Catch Trout with Tried and Proven Tips

Sunday, April 29, 2012 2:35 | Filled in Blog

To many, trout is perhaps the hardest fish to catch.  It is not as straightforward as other fish are when it comes to finding the bait.  Compared to catfish it is one of the most difficult fish to catch, but given certain parameters, it will become easy for users to find and catch trout, regardless of which kind it is.

Tips for finding trout, regardless of where you live, are simple and do not require any prep work beforehand.

  1. Ease up on the Bait – The general rule of thumb for some fish is to stock up on the fish bait because it lures the fish out.  That may be true in some cases, but not in all.  It is especially not true in trout’s case.  Trout are traditionally “picky” eaters.  They don’t eat larger items but rather are seen as nibblers.  Smaller sized bait will go a long way in attracting the fish.  Part of the science behind that is because they are smaller fish, thus needing smaller amounts of food at one “sitting”.  Bigger fish like carp and catfish more often go with bigger bait.  In regards to bait, trout is not turned on to smellier baits.  The smellier the bait the more they will be turned off.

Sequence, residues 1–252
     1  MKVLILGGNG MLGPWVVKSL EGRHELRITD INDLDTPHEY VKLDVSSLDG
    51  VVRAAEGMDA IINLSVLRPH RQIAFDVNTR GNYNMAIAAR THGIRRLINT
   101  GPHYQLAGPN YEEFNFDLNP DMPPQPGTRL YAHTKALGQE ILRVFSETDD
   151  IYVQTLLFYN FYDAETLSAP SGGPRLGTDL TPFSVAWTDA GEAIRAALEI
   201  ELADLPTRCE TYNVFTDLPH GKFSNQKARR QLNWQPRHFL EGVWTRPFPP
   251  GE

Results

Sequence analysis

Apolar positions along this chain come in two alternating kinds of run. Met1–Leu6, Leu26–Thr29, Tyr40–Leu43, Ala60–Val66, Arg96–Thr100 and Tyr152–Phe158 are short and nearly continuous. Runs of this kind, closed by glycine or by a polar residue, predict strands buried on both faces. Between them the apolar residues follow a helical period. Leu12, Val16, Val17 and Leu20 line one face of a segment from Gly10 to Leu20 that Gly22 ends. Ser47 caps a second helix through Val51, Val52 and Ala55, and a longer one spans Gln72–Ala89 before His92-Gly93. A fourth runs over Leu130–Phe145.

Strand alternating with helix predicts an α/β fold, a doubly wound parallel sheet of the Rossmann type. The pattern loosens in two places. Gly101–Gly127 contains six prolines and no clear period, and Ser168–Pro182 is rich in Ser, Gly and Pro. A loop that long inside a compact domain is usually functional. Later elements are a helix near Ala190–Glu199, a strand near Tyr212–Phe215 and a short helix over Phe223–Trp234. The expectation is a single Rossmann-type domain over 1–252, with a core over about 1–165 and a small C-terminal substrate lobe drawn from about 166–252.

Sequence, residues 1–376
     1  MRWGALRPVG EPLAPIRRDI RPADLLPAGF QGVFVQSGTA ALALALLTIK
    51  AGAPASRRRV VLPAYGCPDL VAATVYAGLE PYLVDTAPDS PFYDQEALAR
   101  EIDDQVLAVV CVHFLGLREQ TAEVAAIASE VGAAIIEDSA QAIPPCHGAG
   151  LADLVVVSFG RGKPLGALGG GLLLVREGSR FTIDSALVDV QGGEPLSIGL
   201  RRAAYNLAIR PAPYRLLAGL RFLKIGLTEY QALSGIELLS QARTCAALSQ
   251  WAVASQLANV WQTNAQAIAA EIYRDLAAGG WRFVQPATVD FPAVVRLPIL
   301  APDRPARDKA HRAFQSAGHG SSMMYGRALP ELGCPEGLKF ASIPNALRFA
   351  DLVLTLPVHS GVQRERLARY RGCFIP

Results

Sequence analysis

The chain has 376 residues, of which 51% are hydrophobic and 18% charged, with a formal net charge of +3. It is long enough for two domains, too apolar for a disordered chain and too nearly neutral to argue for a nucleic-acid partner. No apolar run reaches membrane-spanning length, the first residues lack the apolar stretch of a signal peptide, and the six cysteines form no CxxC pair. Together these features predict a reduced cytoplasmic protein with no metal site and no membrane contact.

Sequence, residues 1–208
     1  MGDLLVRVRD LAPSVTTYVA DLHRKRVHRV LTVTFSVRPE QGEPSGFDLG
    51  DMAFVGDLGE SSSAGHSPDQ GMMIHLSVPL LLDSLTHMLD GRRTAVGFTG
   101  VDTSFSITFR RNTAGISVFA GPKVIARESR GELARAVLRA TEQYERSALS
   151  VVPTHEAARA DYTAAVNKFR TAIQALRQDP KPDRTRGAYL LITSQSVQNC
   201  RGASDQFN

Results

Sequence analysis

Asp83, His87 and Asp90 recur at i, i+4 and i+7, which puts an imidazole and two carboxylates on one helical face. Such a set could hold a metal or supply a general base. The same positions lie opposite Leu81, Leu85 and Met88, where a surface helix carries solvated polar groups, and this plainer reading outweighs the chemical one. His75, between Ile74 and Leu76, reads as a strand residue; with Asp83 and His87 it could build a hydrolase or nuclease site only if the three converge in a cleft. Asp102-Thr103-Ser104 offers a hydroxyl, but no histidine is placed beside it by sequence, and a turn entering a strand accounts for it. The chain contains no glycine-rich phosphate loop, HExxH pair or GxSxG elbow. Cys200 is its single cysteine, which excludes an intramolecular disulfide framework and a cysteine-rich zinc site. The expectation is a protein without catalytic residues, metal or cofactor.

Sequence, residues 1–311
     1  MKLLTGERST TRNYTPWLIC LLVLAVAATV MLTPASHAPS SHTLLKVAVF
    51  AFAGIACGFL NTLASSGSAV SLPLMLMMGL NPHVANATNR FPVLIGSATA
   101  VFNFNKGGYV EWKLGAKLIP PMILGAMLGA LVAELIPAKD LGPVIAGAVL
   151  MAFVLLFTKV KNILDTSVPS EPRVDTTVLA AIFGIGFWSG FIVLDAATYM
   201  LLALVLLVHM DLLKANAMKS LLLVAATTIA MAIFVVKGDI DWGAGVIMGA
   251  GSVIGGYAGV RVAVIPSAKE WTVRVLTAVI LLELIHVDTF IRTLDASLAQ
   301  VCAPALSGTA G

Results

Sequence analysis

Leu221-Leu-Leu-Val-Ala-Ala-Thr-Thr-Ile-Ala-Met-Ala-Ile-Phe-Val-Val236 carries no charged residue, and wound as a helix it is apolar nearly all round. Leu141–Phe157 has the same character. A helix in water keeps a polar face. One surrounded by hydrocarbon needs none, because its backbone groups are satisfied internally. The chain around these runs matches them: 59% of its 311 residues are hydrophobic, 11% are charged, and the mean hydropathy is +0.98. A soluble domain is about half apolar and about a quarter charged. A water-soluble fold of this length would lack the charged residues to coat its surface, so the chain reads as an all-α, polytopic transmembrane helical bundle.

2. Patience – Patience is a virtue when fishing. You could in theory have the same bait on the same hook for hours and not catch anything.  Trout are picky eaters, but they’re cautious eaters, too.  Any strange movements or anything that seems out of place will give them the wrong impression.  Their eyes are much better than other fish while many other species rely on their sense of smell.  Be patient and don’t be surprised if they don’t come out immediately.
  3. Don’t Move or Shake – Of course this is impossible but at least limit it.  Trout, especially rainbow trout gets scared off easily. Whether you are in a boat or on shore, keep the moving to a minimum.  Fish can actually sense it, not just trout.
  4. High Rising Areas – Days after a rain some areas of rivers, lakes, or ponds raise higher than others.  This is a prime place for trout to hang out.  On the inverse, places that are lower tend to have the same result.
  5. Warmer Temperatures – Warmer weather is more conducive to catching trout.  They thrive in the warmer weather for a number of reasons.  Late spring and early summer are prime times for spawning so there is an abundance of trout come warmer weather time.

Patience and Fun: Maximizing Trout Fishing Part 2

Sunday, March 25, 2012 21:02 | Filled in Blog

Shallow Areas and Vegetation Win the Day

Areas with vegetation are more than likely going to house some trout. They need a “warm” place in which to lay their eggs or spawn. Vegetation also gives them some protection from natural fish predators.  Trout, like all fish, have enemies.